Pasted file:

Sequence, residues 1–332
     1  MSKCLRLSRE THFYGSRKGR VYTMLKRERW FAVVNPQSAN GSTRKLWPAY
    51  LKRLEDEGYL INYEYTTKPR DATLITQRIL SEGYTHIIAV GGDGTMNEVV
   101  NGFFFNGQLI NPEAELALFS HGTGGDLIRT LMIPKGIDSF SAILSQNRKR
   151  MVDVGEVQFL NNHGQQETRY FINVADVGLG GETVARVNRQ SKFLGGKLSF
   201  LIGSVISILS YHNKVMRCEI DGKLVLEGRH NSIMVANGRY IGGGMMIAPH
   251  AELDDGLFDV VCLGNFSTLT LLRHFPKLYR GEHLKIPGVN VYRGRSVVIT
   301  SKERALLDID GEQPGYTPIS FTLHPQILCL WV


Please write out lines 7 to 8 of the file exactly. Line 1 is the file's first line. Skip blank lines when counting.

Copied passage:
   251  AELDDGLFDV VCLGNFSTLT LLRHFPKLYR GEHLKIPGVN VYRGRSVVIT
   301  SKERALLDID GEQPGYTPIS FTLHPQILCL WV